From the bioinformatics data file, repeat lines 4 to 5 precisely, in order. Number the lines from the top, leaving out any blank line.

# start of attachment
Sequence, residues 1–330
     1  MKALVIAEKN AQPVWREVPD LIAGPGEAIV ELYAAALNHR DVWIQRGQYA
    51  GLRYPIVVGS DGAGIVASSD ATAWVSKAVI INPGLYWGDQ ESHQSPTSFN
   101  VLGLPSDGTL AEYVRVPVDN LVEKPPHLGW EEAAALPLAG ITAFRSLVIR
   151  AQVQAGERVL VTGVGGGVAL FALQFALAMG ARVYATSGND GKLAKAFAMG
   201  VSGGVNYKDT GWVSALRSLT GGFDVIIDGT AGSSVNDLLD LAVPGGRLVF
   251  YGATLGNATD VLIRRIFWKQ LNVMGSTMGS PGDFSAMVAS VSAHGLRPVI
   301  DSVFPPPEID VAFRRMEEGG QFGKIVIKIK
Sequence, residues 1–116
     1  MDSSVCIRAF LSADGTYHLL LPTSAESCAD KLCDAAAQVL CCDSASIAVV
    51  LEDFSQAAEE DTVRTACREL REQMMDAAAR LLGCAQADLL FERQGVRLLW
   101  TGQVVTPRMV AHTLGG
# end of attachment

   101  VLGLPSDGTL AEYVRVPVDN LVEKPPHLGW EEAAALPLAG ITAFRSLVIR
   151  AQVQAGERVL VTGVGGGVAL FALQFALAMG ARVYATSGND GKLAKAFAMG